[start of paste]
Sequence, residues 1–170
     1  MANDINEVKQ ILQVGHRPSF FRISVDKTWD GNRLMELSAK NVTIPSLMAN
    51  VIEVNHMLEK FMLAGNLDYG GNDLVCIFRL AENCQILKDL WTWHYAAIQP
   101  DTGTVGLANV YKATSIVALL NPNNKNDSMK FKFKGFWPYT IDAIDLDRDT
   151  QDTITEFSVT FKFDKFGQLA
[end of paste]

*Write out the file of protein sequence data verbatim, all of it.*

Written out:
Sequence, residues 1–170
     1  MANDINEVKQ ILQVGHRPSF FRISVDKTWD GNRLMELSAK NVTIPSLMAN
    51  VIEVNHMLEK FMLAGNLDYG GNDLVCIFRL AENCQILKDL WTWHYAAIQP
   101  DTGTVGLANV YKATSIVALL NPNNKNDSMK FKFKGFWPYT IDAIDLDRDT
   151  QDTITEFSVT FKFDKFGQLA